But, of course, not all forest flowers care about the convenience of the gardener. Lathyrus vernus, for example, stands with leaves until autumn (however, its leaves are quite decorative). But it also blooms early in spring, a little later than Anemone and Corydalis.
A young plant produces 1-2 shoots with a small number of flowers, but in good conditions it eventually grows into a large bush with dozens of shoots that form a pink-purple cap in spring.
Lathyrus flowers change color as they bloom and age: at first they are pink-purple, then gradually turn blue. This is due to a change in the acidity of the cell juice in the petals. Like all legumes, Lathyrus not only decorates the garden, but also enriches the soil with nitrogen.
It is quite intensively propagated by seeds, some friends jokingly “complained” to me that Lathyrus has become a form of “weed”in their garden. Oh, if only all the weeds bloomed so beautifully and fertilized the soil! However, there is nothing to worry about: Lathyrus grown in an undesirable place is easy to remove (it is better to transplant it into the forest). By the way, on carbonate soils, Lathyrus can grow in a spruce forest, although, of course, it is better in an oak grove.
Another inhabitant of oak forests, which also penetrates into coniferous forests (especially light pine forests), is Pulmonaria obscura from the Boraginaceae family, a relative of Myosotis. Its flowers also change color from pink at the beginning to blue at the end.
In the forest, in a competitive environment, this flower looks quite modest, but it only causes more admiration and awe before the fragile beauty of a low grass with soft, fragile stems. But in the garden, with minimal weeding (it is enough to pull off the leaves of Aegopódium a couple of times during spring and summer), Pulmonaria grows into a powerful bush, in late April — early May, attracting attention from afar with a bright bluish-purple colorful spot.
Pulmonaria is not very durable, but it reproduces intensively by seeds, spreading through the garden. Young plants already begin to bloom in the second or third year. In summer, the honeydew does not fall into rest: instead of small, about 3 cm long, leaves covering the peduncles, it has large “burdocks” up to 15 cm or more long, forming a basal rosette. But the intensity of respiration and photosynthesis of these large leaves is very low, the plant is actually in a “half-sleep”, so it does not need much light.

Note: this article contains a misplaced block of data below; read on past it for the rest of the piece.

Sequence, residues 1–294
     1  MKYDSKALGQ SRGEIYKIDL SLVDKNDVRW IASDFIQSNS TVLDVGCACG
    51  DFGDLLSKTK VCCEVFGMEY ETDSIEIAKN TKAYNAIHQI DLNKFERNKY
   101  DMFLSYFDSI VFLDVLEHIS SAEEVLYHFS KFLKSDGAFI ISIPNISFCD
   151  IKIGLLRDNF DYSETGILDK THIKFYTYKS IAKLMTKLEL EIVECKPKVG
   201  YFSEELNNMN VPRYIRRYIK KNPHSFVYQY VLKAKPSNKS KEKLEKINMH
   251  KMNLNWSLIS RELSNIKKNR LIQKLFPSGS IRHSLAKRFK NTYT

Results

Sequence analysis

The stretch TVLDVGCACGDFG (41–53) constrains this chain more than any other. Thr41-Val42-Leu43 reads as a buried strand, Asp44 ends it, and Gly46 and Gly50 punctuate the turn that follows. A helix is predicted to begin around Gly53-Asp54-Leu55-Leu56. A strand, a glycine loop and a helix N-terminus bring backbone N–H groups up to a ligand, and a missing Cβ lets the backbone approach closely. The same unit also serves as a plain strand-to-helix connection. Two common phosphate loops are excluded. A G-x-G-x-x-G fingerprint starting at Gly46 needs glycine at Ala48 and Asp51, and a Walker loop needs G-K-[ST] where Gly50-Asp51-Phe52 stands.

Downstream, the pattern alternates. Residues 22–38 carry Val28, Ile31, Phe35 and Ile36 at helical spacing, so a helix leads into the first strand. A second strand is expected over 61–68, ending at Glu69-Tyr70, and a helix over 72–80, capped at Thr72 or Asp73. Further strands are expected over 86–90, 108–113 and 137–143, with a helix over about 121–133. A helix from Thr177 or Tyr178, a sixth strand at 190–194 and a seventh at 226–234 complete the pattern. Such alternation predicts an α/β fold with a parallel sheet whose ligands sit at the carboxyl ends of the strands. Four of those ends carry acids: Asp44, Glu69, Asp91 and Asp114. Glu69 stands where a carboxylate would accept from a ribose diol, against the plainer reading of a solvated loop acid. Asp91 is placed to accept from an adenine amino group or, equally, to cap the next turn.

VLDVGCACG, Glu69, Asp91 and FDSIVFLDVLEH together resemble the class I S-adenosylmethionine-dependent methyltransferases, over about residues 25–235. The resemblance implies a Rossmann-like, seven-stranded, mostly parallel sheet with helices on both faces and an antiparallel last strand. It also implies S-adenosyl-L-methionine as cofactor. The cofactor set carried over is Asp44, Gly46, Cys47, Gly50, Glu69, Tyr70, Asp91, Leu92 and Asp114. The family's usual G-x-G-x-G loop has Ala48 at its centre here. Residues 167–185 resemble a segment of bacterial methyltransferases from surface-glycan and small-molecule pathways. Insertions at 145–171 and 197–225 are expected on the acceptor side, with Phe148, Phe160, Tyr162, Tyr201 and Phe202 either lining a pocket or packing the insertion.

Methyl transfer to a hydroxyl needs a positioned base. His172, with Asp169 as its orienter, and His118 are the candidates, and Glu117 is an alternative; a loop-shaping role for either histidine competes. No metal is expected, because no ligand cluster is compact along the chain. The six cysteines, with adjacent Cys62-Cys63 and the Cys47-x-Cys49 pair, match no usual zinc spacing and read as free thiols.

It does not need a lot of water and mineral salts in this state, so do not be afraid that Pulmonaria will make some serious competition for summer plants. It can be planted under apple trees and plums, around park roses and rose hips that do not need shelter for the winter, among late-blooming perennials that tolerate the neighborhood of other species.
But the natural place of Pulmonaria is under the canopy of broad-leaved trees and shrubs: if there is an oak, maple, ash on the site, she goes there. However, the apple tree is also a broad-leaved tree, quite characteristic of forest clearings and edges, so all non-moral grasses can be planted under apple trees.
If you have a pine tree, try to plant Pulmonaria under it (but it’s better not immediately, but when you already have a lot of specimens) – it might work out.
Another plant that also “sleeps” in the summer, sharply reducing the intensity of metabolism, is Ásarum europaéum. It can also grow under fir trees, if there is calcium in the soil. Its flowers are inconspicuous and inconspicuous, but the dark green leaves that persist throughout the year are very pleasing to the eye in early spring, when black mud, withered grass, crooked supports of long-faded flowers and rotten apples, forgotten in autumn, come out from under the snow that has had time to get bored.
In sunny places, primrose shoots are already making their way, but behind the barn, under the bushes of hydrangeas and Aruncus, which give thick shade in summer, everything is bare and uncomfortable. But all these places, hidden in the summer by lush foliage, can be “greened” in the spring — and it is the hoof. In summer, by reducing the intensity of breathing to a minimum, it can withstand the thickest shade — its main photosynthesis, like that of ephemeroids, takes place in spring, before the foliage on the trees has bloomed and the grasses have not grown, and in autumn, when the foliage falls and the grasses wither.
In the summer, neither you nor the plants under which it grows will notice it — it will never compete with anyone. Rather, on the contrary, being a groundcover plant, the hoof will restrain the germination of weeds in the spring. The only thing he can’t stand (as, indeed, other forest grasses with tender shoots),— a rake, which some gardeners use to rake fallen leaves in autumn.